Friday, November 23, 2007

Study shows 'demonization' of Muslims

An article recently reported that a research study in London found that Muslim images in the media were predominantly ‘negative’. Here are some excerpts:

Research into one week's news coverage showed that 91% of articles in national newspapers about Muslims were negative. The London mayor, Ken Livingstone, who commissioned the study, said the findings were a "damning indictment" of the media and urged editors and programme makers to review the way they portray Muslims.

"The overall picture presented by the media is that Islam is profoundly different from and a threat to the west," he said. "There is a scale of imbalance which no fair-minded person would think is right." Only 4% of the 352 articles studied were positive, he said.

Livingstone said the findings showed a "hostile and scaremongering attitude" towards Islam and likened the coverage to the way the left was attacked by national newspapers in the early 1980s. "The charge is that there are virtually no positive or balanced images of Islam being portrayed," he said. "I think there is a demonisation of Islam going on which damages community relations and creates alarm among Muslims."

I conducted a similar study twice regarding articles in the U.S., where I compared Muslims/Islam in the media pre and post 9/11. Not surprisingly I found very similar results. Muslims are currently one of the most scrutinized, misrepresented and vilified people. Many factors have played a role in the way Muslims are perceived, one of which, perhaps with the largest responsibility, is the media. It is hard to comprehend how journalists can speak with such authority. The word choice in articles can affect a person so much as to enlighten them, in consequence, to the immense power journalists possess to create such images, portray people and events, and mold the opinions of their readers. Islam is judged by the public through these pre-existing stigmas and stereotypes which are then only perpetuated more.

Not only is it sad that most of America's only connection to Muslims is through the media but also, unless you were on the streets of New York or standing outside the Pentagon on 9/11, these events were framed and explained to us by the media as well. Edward Said’s Orientalism helps to describe this conscious othering and demonizing of the Arab and Islamic worlds that influences and is commonly perpetuated in the Western mainstream media. When you think about it, this is an institution that is very powerful as it possesses orientalist tendencies and creates the discourse such as body of language, labels, symbols and representations that are used to describe and characterize Islam. Thus, Muslims find themselves in the forefront of Bush’s “war on terror” having to be examined at airports, deported, held in secret prisons without evidence and without a proper trial. They are deemed guilty without proven guilty while the majority turns the blind eye without second guessing their guilt.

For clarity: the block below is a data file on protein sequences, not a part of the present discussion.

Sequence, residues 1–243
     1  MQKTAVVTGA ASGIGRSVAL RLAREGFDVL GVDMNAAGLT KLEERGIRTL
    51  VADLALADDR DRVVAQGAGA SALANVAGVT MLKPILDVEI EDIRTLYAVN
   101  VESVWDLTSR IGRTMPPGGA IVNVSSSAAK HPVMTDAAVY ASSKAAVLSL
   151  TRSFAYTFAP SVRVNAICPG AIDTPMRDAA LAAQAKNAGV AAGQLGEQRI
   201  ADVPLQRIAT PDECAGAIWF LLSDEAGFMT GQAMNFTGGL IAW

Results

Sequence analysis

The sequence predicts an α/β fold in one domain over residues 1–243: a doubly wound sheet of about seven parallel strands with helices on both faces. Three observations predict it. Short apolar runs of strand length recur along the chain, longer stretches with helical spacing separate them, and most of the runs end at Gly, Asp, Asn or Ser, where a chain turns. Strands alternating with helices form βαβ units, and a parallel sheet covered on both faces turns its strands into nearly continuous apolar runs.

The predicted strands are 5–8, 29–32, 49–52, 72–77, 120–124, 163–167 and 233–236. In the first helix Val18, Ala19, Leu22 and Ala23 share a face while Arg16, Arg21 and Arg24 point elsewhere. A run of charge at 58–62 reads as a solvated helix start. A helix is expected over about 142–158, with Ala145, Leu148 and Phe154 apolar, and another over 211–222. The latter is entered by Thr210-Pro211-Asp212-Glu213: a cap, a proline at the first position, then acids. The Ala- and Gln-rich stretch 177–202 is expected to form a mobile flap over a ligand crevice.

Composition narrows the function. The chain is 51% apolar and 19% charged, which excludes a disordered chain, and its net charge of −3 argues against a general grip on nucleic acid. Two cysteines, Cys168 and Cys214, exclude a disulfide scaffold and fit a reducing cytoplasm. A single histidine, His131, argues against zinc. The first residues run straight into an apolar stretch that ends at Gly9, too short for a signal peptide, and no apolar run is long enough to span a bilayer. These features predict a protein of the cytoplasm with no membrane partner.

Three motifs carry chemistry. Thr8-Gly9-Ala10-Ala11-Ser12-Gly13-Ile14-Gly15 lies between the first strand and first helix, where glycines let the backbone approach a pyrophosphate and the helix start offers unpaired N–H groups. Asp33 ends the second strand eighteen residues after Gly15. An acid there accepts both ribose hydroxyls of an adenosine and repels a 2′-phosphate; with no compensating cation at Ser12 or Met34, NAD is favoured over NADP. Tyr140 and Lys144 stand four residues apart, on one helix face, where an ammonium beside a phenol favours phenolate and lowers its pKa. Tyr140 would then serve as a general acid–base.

The “war on terror” in Iraq as well as 9/11, is a testament to the powerful role the media plays in influencing our perceptions. Americans were led to believe that somehow Iraq was involved in the 9/11 attacks. The vague suggestion that Iraq was involved—by invading them as part of the post 9/11 "war on terror”, not only confused and misguided Americans, but can also be argued that it contributed to a certain conceptual cohesiveness of the Middle East in the minds of Americans that is false and deeply damaging. Specifically, it drew subtle links between the violence in Palestine, the Taliban in Afghanistan and Saddam Hussein's government in Iraq, and now Iran, creating a deceptive picture of the terrorist-filled "Middle East." Terrorism is America's favorite bad guy and evildoer, guilty as charged. It has become the sinister monster that has plagued these first years of the 21st century.

Furthermore, what’s sad is that terrorism and Islam have become linked in the minds of many Americans, especially after 9/11. Some believe that there has been somewhat of a positive change with shows such as “Little Mosque on the Prairie” and “Aliens in America” that seek to inform the larger community in what Islam truly is. However, I wonder if we’ll ever see a big top selling blockbuster movie where the main character is Muslim “and” a hero. Will Muslims become the next “token black person” in movies and shows? I personally don’t know though, I guess we’ll just have to wait and see in the coming years.

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